how can we compare 35mm film and digital images

  chubbs 21:01 17 Jun 03
Locked

How many pixels would be needed for a ccd chip to match the definition and 'grain' of a 35mm film - assuming the lenses can resolve an equal number of lines?
How many pixels would be needed to match medium format film?

  marjted 21:15 17 Jun 03

Don't know the scientific answer to your question but 300 pixels/inch on a good inkjet produces excellent images which compare most favourably with 35mm film photos.

  jazzypop 21:18 17 Jun 03
  BrianW 21:19 17 Jun 03

I think the new 11mp camera ccds are clained to contain as much information as the grain on a 35mm print. Still a long way to match the large format film standar though

  GANDALF <|:-)> 21:37 17 Jun 03

35mm colour tran (25/50ASA) = 36Mps. The difference twixt digi and film images is only obvious when you print above A£ or enlarge a small area. Digi images look sharper because they use block colour for large areas (blue sky).

G

  richierich 22:29 17 Jun 03

As a professional portrait photographer I regularly enlarge digital images to 24" by 20" and bigger, I use Fuji S1 and S2 cameras, the results are SUPERIOR to 35mm film and probably superior to medium format which I used to use.
number of pixels isnt only consideration. Lens quality, how the files are processed and how they are output to print are also key to quality.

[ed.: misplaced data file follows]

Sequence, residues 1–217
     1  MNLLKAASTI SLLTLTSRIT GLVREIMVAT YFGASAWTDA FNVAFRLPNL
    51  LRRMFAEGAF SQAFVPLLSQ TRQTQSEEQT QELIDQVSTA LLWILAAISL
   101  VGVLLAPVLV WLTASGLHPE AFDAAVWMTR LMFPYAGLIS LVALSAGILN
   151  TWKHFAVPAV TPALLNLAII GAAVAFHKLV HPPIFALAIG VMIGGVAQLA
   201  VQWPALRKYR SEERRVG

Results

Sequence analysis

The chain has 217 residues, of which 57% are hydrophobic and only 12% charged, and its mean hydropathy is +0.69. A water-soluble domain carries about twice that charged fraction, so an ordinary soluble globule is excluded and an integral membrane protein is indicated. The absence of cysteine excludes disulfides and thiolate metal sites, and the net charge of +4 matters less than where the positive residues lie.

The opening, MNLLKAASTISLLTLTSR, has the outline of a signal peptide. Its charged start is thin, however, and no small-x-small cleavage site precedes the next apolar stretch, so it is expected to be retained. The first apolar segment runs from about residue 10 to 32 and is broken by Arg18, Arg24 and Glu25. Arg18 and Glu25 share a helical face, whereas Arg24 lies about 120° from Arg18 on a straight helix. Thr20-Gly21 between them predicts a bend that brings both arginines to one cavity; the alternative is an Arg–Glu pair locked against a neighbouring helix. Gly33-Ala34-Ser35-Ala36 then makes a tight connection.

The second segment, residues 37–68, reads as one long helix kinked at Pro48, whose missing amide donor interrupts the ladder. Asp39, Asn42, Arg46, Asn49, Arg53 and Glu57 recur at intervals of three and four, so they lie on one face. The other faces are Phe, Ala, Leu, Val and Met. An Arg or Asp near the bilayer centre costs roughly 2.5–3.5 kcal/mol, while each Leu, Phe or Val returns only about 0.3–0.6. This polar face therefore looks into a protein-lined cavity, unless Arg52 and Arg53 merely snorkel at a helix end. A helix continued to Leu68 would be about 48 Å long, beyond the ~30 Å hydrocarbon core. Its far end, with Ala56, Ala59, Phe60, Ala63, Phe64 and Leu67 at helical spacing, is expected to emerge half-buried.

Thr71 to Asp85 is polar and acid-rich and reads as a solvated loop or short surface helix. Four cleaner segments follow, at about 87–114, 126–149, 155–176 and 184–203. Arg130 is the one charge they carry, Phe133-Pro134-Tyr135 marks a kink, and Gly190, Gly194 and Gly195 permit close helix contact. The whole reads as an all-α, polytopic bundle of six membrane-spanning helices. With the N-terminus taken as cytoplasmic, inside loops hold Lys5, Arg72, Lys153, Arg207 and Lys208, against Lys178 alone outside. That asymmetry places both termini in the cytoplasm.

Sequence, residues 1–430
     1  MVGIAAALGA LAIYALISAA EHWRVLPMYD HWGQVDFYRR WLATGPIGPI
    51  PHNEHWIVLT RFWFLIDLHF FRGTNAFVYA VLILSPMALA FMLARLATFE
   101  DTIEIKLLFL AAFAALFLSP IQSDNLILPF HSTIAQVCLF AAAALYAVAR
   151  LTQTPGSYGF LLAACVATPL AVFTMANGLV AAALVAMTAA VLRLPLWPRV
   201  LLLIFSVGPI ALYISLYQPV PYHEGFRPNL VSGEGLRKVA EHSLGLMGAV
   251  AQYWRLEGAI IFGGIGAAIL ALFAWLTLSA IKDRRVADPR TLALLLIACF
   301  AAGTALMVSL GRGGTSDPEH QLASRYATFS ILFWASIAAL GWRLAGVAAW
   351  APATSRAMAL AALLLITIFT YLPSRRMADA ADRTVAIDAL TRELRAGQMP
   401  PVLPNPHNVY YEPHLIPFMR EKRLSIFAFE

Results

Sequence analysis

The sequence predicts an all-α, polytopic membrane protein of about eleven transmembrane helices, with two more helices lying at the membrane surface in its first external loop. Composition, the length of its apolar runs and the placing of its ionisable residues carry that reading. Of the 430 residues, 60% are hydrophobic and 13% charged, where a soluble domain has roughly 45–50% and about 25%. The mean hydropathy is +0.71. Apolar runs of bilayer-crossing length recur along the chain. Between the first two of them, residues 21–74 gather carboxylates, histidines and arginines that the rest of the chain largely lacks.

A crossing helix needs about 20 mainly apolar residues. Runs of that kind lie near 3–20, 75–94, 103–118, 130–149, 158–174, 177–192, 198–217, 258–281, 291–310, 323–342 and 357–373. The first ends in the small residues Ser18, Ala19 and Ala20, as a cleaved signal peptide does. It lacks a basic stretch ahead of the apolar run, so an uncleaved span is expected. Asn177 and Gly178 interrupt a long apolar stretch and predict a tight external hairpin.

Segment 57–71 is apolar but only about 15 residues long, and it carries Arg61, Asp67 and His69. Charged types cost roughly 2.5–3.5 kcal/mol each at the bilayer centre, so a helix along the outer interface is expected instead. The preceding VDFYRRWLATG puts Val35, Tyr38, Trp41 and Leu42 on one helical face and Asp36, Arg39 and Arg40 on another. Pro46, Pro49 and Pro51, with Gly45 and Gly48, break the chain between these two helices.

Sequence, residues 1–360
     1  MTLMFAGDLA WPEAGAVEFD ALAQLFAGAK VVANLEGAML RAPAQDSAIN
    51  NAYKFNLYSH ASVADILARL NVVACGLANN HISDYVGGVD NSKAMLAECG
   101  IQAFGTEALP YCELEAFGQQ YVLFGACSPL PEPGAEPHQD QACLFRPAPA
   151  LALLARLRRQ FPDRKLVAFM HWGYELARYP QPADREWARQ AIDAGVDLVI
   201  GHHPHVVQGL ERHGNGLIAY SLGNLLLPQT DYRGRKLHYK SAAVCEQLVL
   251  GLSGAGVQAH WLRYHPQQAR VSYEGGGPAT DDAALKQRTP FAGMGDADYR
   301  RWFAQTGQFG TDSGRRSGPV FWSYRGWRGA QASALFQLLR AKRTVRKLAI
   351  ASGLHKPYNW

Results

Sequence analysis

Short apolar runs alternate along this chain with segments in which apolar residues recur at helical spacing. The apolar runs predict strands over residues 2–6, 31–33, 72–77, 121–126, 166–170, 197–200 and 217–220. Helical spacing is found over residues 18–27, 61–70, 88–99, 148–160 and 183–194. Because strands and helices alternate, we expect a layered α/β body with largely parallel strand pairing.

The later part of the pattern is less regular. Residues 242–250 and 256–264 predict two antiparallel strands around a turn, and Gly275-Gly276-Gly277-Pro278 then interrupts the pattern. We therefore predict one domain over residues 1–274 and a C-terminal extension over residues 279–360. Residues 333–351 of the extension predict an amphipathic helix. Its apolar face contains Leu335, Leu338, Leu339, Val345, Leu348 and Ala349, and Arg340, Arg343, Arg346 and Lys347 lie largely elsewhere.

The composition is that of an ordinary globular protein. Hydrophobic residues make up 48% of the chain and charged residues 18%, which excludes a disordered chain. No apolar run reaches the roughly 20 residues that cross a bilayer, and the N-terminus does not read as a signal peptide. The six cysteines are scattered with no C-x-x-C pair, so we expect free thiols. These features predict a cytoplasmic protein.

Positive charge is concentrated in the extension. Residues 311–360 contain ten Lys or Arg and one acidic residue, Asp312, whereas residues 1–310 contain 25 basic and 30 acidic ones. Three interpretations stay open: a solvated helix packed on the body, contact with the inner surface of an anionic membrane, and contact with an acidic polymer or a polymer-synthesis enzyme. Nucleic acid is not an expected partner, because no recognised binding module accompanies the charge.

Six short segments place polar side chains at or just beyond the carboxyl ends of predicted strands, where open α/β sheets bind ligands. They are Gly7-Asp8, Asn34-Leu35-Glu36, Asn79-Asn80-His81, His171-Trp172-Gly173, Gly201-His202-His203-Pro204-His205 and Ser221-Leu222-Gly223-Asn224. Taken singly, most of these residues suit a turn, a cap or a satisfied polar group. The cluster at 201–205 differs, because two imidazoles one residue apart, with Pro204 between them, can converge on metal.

eccomputers 22:59 17 Jun 03

yes, I know a guy who has software for colour calbration. I dont know the details, I just know he matches the colours of the scanner, monitor and printer. I think its a great idea cause when I see a shade of blue on my monitor and print it, it looks totally different.

  Filch 15:37 18 Jun 03

The problem with colour calibration is that it is quite expensive and it won't work with LCD screens. However, Adobe Photoshop Elements and all the full Photoshop programmes come with a calibration programme, Adobe Gamma (which still won't work with LCD).

  woodchip 15:59 18 Jun 03

Not possible with today's technology, but you would have to have good eye's to see the difference without a eyeglass.

  woodchip 16:02 18 Jun 03

It's bit like running your Monitor Display at 16bit you would not see the difference from 24 or 32 bit it's beyond the spectrum of the humane eye

  DieSse 16:48 18 Jun 03

Take good note of what richierich said - wise words from a professional.

Also remember there is no universal "grain size" to compare with - it depends on the type and speed of the film.

For a good (longish, but a good read) primer on pixels, resolution, etc (I know it says scanning - but the principles are similar), look at click here It points out a few homw truths about silly resolution claims.

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